I'm using this code to return a single value from a database.
strVar = New OleDbCommand("SELECT [FIELDNAME] FROM TBLNAME WHERE [CRITERIA]='123', oleCon).ExecuteScalar
This is a very fast, single-line-of-code method of getting what I want. If I were to do this with standard ADO.NET objects, then I'd have to declare a dataadapter, use it to fill a datatable, and then loop through datarows in the datatable just to get the first record returned so I could read from it. That's two to three more variables and a lot more code than one line.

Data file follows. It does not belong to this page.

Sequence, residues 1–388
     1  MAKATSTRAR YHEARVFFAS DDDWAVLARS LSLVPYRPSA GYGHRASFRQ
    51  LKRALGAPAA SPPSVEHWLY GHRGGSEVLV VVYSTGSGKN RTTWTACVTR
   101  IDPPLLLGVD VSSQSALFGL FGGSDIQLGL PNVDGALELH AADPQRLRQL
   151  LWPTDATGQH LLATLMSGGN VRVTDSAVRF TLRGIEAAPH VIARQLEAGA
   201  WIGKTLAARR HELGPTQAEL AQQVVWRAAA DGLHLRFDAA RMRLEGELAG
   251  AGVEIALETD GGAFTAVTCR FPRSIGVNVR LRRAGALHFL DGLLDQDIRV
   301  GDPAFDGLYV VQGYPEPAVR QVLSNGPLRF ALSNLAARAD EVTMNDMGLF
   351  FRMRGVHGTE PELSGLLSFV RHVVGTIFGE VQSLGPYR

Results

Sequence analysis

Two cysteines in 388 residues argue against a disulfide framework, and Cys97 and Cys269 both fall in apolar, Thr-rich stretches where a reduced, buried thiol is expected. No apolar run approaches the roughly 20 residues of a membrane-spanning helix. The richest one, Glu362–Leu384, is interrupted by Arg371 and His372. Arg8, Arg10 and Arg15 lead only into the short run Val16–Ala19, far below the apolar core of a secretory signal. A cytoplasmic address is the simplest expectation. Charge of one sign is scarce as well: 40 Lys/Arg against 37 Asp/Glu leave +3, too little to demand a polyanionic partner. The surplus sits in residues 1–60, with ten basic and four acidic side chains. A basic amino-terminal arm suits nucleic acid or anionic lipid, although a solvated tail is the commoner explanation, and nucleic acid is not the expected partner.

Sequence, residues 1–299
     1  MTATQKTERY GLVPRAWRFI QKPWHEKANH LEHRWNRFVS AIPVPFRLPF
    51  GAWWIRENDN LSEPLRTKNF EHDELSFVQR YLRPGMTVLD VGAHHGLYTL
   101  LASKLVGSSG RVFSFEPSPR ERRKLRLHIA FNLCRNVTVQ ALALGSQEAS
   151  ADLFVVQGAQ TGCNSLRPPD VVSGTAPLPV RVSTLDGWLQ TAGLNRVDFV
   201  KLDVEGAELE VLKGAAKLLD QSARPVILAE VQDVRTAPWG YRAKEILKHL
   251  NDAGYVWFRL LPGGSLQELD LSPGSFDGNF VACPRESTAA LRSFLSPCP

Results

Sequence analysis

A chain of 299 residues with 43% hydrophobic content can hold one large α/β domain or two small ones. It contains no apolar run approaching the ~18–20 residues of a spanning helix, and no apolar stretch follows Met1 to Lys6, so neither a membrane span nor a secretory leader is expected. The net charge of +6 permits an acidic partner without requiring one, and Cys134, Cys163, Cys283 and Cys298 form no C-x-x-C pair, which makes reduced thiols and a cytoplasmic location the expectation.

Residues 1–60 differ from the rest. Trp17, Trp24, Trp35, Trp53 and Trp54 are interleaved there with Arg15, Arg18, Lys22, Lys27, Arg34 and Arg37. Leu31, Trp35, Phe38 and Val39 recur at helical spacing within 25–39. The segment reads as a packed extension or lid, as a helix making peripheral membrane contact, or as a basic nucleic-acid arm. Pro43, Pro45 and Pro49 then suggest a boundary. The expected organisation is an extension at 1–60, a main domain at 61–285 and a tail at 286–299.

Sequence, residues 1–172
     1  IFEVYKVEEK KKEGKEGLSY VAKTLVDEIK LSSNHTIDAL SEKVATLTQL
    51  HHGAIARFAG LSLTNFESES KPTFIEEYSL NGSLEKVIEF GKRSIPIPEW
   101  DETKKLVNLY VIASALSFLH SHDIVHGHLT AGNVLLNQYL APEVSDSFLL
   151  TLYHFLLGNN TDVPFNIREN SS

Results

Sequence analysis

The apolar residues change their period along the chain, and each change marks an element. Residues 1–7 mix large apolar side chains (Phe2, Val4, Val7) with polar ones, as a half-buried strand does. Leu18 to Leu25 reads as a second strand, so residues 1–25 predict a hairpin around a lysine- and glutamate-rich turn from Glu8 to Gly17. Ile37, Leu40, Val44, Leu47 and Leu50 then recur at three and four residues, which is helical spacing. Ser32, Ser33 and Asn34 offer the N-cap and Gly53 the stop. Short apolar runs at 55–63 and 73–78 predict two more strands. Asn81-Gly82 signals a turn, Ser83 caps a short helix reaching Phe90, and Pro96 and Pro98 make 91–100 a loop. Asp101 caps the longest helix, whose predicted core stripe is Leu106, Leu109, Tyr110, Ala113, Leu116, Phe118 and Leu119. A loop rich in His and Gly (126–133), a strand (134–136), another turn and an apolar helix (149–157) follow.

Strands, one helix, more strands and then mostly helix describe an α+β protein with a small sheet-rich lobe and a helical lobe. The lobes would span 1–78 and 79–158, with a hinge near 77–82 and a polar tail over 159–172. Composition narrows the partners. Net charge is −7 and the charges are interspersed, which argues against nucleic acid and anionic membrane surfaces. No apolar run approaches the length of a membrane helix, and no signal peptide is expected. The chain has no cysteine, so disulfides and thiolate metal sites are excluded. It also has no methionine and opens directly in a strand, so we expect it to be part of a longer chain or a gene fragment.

So obviously, the method I'm using is more streamlined... and at this point you may be asking, "So what's the problem?"
Well... my only concern about this method is, I'm basically creating an object (the ole command) and returning one of its methods to a variable (strVar)... but I'm not returning the OBJECT itself to the variable, just its method. So my ole command gets created, but I don't have any control over it after the fact.
My question is... is this bad? Does this leave the oledbcommand object out in memory indefinitely (or until my app shuts down or whatever). Is this bad practice...? Should I be flogged for this? What are the ramifications here?